A report on the scientific ethical and religious issues of human cloning

Here are the five major questions the board considered before the company went forward with cloning the first human embryo. What is the moral status of the organisms created by cloning?

A report on the scientific ethical and religious issues of human cloning

Page xi Share Cite Suggested Citation: The National Academies Press. The decision as to whether the self-proposed practitioners of human reproductive cloning should be allowed to proceed is most properly a societal decision, and likely one that will be made by the government. An informed decision requires two kinds of inputs, medical-scientific and ethical.

It is the responsibility of the scientific and medical community to inform society if current methods are scientifically feasible and reproducible, and medically safe; and to provide guidelines to assure that if human reproductive cloning is carried out, the human participants involved are adequately advised and protected.

A report on the scientific ethical and religious issues of human cloning

Once society is so informed, it will be in a position to determine whether an attempt to use reproductive cloning methods with humans is acceptable in any circumstance.

The scope of this report is limited to informing society by providing an assessment of the medical and scientific aspects of human reproductive cloning. The public debate on the possible reproductive cloning of humans is often linked to the debate on human embryonic stem ES cells.

Because one proposed method to establish new human embryonic stem cell lines uses a process very similar to the first steps in the reproductive cloning of complete humans, it is easy to understand how even a scientifically literate society could become confused about these issues.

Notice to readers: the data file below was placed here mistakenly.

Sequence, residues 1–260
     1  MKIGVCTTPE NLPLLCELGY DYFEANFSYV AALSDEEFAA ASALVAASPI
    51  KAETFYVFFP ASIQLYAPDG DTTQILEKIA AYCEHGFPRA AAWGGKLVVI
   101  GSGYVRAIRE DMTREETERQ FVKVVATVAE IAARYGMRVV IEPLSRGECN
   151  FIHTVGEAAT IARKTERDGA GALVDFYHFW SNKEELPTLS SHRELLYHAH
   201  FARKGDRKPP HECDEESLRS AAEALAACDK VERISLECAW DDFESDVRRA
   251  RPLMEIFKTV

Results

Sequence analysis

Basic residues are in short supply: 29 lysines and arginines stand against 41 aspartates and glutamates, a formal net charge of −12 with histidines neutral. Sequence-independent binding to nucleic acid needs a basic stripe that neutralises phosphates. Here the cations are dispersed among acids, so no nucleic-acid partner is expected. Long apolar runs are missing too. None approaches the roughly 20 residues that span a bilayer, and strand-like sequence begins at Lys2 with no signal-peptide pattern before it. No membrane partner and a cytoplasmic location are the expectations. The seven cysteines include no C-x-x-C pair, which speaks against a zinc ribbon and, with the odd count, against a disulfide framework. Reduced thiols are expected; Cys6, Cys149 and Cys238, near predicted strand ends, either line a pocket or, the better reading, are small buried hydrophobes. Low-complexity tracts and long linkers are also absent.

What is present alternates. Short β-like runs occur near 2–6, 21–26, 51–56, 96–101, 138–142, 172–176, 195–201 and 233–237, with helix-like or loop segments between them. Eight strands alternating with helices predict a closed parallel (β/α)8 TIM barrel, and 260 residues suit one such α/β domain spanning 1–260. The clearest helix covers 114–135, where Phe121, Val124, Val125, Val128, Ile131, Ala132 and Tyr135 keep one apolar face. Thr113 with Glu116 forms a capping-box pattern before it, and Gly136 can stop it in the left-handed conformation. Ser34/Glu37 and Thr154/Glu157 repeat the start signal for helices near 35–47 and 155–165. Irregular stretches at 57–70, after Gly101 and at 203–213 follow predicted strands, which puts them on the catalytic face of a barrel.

A report on the scientific ethical and religious issues of human cloning

Clarity on these matters is vitally important since these issues involve both medical risk Page xii Share Cite Suggested Citation: The present panel was charged to consider the biomedical issues surrounding the question of reproductive cloning of human beings, including making clear the distinctions between reproductive cloning and the related methods used to derive new ES cells.

And we must do so without subjecting patients and society to unwarranted medical experimentation.

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Medical progress requires clinical experimentation, but that process must go forward with the highest ethical standards—and only when the risks and potential benefits are understood and agreed on by patient, physician, scientist, and participating institution. Last year, at least three groups declared that they not only were in the process of modifying the methods used first to produce a cloned living lamb Dolly in order to apply them to humans, but that they intended to carry out the reproductive cloning of human beings in the near future.

In response to the prospect of those medical experiments, the presidents of the National Academies convened a joint panel of the Committee on Science, Engineering, and Public Policy COSEPUP and the Board on Life Sciences BLS to examine the scientific and medical issues relevant to human reproductive cloning and to consider the ethical issues that apply specifically to the participation of human subjects in cloning research.

The purpose of this undertaking is to clarify and provide as much understanding as possible of these issues in order to inform the much broader debate that will be carried out by a larger cross section of society.

The method used to initiate the reproductive cloning procedure is called nuclear transplantation, or somatic cell nuclear transfer SCNT. It involves replacing the chromosomes of a human egg with the nucleus of a body somatic cell from a developed human.